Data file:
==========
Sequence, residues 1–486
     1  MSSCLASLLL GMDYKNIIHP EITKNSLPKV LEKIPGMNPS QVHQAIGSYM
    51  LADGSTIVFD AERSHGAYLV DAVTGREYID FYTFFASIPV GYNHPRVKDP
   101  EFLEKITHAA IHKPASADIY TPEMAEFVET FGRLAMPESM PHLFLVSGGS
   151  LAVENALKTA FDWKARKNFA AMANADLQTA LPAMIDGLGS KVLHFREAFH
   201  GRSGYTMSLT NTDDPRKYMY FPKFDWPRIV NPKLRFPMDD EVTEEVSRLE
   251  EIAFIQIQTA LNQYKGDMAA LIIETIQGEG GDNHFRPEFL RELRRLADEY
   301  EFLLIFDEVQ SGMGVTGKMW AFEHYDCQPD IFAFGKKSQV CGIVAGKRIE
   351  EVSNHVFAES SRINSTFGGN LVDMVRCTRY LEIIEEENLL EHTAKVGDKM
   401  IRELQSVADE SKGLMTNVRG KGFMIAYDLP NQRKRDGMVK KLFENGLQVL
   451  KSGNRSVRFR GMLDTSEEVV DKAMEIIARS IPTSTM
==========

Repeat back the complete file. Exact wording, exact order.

Sequence, residues 1–486
     1  MSSCLASLLL GMDYKNIIHP EITKNSLPKV LEKIPGMNPS QVHQAIGSYM
    51  LADGSTIVFD AERSHGAYLV DAVTGREYID FYTFFASIPV GYNHPRVKDP
   101  EFLEKITHAA IHKPASADIY TPEMAEFVET FGRLAMPESM PHLFLVSGGS
   151  LAVENALKTA FDWKARKNFA AMANADLQTA LPAMIDGLGS KVLHFREAFH
   201  GRSGYTMSLT NTDDPRKYMY FPKFDWPRIV NPKLRFPMDD EVTEEVSRLE
   251  EIAFIQIQTA LNQYKGDMAA LIIETIQGEG GDNHFRPEFL RELRRLADEY
   301  EFLLIFDEVQ SGMGVTGKMW AFEHYDCQPD IFAFGKKSQV CGIVAGKRIE
   351  EVSNHVFAES SRINSTFGGN LVDMVRCTRY LEIIEEENLL EHTAKVGDKM
   401  IRELQSVADE SKGLMTNVRG KGFMIAYDLP NQRKRDGMVK KLFENGLQVL
   451  KSGNRSVRFR GMLDTSEEVV DKAMEIIARS IPTSTM